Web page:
Indy Pass Three-Pack In Washington Offer Full Spring Plate
With two days on this season's Indy Pass or a Spring Pass, skiers and riders can cop some final spring skiing days at the big, the small and the in-between of the Evergreen State.
Indy Pass holders can take a late-season run to three Washington state mountains that have a surprising selection of challenging terrain, a history of spring storm dumps and a down-home vibe throughout.
The largest on the Indy menu is Mission Ridge, perched on the eastern front of the Cascades equidistant between Seattle and Spokane. No base housing, but a few vacation rentals rent within a couple of miles, with franchises and more a half-hour away in Wenatchee along the Columbia River.
The 2,100-acre mountain typically keeps most of its 2,200 vertical feet open all April weekends. The bulk of the trail maps is green and blue, and regulars boast of short lift lines. The first high-speed (Lift 2) came on in 2020 to get more advanced skiers and riders up to an open book of short but sweet expert plunges and bowl blues off the 6,700-foot high ridge. Below them is a plethora of wide blues, especially off Kwan fixed-grip double, and the vast pick-your-line in Otto's Outback.
The beginner-teaching area and terrain park get their own double chair out of the equally modest base lodge. For the most part, remote location keeps crowds down.
Next on this Indy road trip is White Pass, three hours south of Seattle near Mount Ranier. Despite its compact size (635 acres), it has six lifts -- two high-speed -- that serve two distinct zones. The lower mountain gets four chairs with terrain from gentle greens to cruiser blues to plenty of steeps. A lower area-only ticket sells at a discount.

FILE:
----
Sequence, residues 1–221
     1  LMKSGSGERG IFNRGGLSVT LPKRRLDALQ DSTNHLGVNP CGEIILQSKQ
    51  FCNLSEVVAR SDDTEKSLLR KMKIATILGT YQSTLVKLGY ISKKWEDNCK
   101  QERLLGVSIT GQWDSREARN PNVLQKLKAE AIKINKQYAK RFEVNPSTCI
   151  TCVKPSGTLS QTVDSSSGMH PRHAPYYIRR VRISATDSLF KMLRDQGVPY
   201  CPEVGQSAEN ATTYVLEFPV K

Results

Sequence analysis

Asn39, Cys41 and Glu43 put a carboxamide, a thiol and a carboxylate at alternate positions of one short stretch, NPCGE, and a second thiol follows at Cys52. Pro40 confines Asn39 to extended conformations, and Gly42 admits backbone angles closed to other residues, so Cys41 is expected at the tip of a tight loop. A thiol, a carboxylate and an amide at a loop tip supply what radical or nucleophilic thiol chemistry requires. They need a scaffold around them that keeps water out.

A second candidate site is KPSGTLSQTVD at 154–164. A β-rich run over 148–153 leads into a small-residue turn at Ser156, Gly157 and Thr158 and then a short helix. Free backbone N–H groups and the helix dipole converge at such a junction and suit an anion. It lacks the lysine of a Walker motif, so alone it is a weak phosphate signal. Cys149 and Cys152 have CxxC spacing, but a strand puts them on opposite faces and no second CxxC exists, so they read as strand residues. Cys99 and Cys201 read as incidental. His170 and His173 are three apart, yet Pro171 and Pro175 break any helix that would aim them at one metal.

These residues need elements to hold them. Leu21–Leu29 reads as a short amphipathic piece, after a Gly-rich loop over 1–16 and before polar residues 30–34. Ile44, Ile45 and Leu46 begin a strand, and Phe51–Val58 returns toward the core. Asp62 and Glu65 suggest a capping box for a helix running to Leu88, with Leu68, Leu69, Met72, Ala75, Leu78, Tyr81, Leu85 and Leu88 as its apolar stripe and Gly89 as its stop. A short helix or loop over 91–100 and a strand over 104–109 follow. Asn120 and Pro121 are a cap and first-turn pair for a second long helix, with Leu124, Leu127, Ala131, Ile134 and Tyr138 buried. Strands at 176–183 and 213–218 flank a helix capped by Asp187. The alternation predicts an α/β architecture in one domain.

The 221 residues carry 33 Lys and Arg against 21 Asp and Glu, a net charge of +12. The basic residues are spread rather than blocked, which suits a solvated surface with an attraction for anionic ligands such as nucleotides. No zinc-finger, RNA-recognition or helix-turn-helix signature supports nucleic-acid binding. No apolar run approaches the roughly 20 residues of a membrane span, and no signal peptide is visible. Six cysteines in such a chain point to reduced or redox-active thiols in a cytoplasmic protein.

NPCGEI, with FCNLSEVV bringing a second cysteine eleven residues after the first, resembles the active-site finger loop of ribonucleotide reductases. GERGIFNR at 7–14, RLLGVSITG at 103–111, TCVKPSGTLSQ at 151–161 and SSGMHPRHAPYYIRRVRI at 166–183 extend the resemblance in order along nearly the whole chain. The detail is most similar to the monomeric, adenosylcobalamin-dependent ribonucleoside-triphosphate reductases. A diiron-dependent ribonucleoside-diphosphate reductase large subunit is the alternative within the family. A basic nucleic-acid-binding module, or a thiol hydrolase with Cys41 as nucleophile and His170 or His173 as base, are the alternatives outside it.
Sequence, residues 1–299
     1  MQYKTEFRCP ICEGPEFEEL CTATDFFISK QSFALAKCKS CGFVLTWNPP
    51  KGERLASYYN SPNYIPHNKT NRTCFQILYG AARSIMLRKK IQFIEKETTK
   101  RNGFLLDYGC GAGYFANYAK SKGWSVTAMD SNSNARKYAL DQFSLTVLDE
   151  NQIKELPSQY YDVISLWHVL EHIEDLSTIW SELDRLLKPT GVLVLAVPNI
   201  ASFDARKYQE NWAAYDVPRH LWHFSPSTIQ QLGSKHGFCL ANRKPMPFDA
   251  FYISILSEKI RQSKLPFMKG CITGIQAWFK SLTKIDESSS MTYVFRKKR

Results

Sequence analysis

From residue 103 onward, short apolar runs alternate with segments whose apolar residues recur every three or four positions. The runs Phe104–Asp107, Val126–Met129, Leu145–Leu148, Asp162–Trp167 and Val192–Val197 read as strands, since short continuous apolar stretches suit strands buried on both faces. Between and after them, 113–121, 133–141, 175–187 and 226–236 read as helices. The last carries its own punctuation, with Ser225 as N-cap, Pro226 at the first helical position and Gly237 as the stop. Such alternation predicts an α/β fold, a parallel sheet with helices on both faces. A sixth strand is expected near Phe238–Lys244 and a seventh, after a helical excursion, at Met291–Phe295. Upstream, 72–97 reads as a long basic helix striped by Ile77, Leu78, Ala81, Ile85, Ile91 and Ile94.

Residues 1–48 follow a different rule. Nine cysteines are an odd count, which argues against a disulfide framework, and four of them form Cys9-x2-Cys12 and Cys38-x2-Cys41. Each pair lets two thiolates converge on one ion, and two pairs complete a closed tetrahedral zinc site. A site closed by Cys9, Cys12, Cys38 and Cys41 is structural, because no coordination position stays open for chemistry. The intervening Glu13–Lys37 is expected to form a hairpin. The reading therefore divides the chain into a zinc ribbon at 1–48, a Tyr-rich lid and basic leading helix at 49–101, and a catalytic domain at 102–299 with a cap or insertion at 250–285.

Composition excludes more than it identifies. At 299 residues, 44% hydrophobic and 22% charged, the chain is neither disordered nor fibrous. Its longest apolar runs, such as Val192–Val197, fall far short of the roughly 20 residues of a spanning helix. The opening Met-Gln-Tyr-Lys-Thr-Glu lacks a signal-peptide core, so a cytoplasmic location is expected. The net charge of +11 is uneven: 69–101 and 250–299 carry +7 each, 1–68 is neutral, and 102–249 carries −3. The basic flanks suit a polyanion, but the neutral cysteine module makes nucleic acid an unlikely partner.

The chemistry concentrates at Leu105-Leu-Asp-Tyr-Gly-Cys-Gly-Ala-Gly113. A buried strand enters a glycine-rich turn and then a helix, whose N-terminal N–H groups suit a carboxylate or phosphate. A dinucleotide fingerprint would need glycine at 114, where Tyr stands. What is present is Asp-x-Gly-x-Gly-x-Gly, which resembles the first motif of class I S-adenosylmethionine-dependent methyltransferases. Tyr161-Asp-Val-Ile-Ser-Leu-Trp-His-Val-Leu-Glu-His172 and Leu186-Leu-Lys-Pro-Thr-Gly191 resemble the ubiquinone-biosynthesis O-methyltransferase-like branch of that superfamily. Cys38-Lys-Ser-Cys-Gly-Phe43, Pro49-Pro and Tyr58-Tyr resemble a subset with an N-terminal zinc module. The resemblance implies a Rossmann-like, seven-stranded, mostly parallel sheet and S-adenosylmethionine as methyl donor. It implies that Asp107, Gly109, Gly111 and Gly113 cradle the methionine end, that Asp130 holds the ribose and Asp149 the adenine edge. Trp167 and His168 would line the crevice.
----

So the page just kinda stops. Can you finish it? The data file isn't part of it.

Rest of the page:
Primarily off the Couloir Express quad, the upper mountain opens up onto a gladed intermediate smorgasbord, with the off-piste blacks off the West Ridge. Experts like that a steep headwall delineates the easy from hard on the trail map.
As with last season, White Pass will put a cap on season passes (not Indy Pass) with online-only daily sales to keep crowds in check.
The final stop is Hurricane Ridge, an upside-down throwback within Olympic National Park with surprising steeps and an average of 400 inches of annual snowfall. It's the westernmost ski lifts in the continental U.S. and, as it name suggests, often gets high winds, unpredictable weather access road closures.
Everyone pays a national park entrance fee on the way in. Much of Hurricane's 200 acres and 600 vertical drop is served primarily by a 1970-circa poma, supplemented by two rope tows in the beginner area. Ski school is renowned for teaching beginners with special programs for the youngest ones.
About 60% of the hill is rated black; the experts-only Poma Bowl pitches away from the base. Not much for grooming, frills or comforts: Nearest lodging a half-hour away in Port Angeles.